La urgente necesidad de educación en situaciones de emergencia

DAVOS – En un mundo ideal, cada vez que los niños necesitan ayuda, la reciben. Cuando se ven obligados a abandonar sus hogares o aulas a causa de guerras, desastres naturales u otras crisis, la comunidad internacional formularía en cuestión de días un plan para asegurar su inmediato bienestar, contemplando no sólo intervenciones para salvar vidas, sino también espacios de apoyo psicológico y aprendizaje que ofrezcan oportunidad y esperanza. Esos lugares existen: se llaman escuelas.

Por desgracia, nuestro mundo está muy lejos de ser ideal. Cuando los niños necesitan ayuda, los días se vuelven semanas y meses. Cientos de niños desesperados pasan a ser miles y, finalmente, millones. La esperanza cede el paso a una larga miseria que no dura unos pocos meses o un año, sino en promedio más de una década. Quedan excluidos de ir a la escuela, se les cierran las oportunidades y se ven condenados a vivir en condiciones insostenibles, víctimas del trabajo infantil o la mendicidad forzada, el matrimonio por conveniencia, el tráfico humano, las pandillas juveniles o las organizaciones extremistas.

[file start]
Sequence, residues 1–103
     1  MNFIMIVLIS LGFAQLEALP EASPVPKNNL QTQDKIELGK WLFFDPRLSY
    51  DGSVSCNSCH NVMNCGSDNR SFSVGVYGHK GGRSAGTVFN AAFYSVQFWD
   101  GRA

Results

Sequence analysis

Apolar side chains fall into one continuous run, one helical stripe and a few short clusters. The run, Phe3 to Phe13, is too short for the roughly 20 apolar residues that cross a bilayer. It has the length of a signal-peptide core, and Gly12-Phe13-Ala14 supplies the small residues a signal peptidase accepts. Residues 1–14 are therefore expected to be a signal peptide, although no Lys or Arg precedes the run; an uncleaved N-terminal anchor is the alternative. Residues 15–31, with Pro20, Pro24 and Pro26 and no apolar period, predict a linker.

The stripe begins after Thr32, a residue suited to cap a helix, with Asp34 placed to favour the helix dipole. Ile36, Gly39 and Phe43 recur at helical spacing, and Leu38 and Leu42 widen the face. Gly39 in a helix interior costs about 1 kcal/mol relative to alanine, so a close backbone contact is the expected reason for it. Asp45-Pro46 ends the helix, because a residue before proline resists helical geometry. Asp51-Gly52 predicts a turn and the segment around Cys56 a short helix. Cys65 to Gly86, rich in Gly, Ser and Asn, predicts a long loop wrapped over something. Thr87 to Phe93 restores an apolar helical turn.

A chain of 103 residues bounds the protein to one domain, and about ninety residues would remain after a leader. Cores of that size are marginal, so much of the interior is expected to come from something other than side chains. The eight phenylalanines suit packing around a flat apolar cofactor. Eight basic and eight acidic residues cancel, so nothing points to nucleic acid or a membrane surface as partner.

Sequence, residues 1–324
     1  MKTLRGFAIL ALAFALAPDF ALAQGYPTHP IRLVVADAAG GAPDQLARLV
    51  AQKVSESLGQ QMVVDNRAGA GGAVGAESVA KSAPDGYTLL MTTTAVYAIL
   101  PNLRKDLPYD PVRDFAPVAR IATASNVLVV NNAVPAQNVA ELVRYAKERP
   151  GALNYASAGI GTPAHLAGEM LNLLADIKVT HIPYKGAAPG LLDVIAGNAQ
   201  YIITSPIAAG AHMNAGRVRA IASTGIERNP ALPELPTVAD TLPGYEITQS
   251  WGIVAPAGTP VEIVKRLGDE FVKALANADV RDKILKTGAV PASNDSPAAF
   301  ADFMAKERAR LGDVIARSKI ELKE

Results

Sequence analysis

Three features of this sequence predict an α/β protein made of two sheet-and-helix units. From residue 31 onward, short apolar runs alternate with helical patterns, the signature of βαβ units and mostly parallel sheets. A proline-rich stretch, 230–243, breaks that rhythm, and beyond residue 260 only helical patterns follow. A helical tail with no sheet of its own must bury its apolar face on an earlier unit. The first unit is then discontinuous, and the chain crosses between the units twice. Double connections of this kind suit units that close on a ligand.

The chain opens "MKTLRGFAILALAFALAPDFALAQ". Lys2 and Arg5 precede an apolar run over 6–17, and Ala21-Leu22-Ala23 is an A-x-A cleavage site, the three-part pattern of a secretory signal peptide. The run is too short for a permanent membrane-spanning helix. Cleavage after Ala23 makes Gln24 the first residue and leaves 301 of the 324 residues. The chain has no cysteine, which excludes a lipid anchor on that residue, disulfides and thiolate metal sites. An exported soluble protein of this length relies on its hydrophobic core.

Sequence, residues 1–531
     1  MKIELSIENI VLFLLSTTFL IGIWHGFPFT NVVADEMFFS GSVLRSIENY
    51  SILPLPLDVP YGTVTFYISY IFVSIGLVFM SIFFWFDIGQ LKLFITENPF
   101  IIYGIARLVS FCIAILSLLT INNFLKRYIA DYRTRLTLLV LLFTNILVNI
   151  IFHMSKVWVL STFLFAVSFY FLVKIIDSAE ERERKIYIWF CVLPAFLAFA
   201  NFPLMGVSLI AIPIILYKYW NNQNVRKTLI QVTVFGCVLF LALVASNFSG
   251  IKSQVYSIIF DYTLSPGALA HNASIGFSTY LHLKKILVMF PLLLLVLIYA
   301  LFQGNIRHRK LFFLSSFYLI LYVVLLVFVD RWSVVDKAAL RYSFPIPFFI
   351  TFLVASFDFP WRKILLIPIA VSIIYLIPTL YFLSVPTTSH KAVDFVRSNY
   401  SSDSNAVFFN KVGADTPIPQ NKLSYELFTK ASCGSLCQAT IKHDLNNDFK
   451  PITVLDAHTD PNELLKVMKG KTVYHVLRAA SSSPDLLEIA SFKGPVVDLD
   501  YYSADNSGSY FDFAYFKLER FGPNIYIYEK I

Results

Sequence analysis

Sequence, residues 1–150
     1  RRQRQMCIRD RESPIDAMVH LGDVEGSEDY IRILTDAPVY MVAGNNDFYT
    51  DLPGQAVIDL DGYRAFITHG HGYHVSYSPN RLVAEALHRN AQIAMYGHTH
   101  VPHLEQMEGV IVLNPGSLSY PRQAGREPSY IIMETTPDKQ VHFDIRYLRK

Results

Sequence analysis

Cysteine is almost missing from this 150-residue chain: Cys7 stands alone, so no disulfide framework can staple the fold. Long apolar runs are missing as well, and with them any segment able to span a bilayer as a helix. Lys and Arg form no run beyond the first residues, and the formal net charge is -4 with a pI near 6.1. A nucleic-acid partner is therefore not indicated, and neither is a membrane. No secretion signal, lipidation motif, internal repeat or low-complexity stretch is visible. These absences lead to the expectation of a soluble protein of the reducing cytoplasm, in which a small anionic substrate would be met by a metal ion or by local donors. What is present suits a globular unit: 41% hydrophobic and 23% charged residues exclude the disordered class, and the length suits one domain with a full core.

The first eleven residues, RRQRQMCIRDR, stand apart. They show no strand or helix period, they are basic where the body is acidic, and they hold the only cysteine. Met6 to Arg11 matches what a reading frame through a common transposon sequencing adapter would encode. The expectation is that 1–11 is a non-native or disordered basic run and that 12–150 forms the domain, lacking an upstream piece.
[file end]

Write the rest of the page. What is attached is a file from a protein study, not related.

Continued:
Lo que ha sucedido en los últimos años Sudán del sur, el norte de Nigeria e Irak (y en Jordania y el Líbano, donde a cientos de miles de niños refugiados sirios se les niega la posibilidad de volver a la escuela) son ejemplos abrumadores de la necesidad de un nuevo fondo humanitario para la educación en situaciones de emergencia. También viene al caso lo

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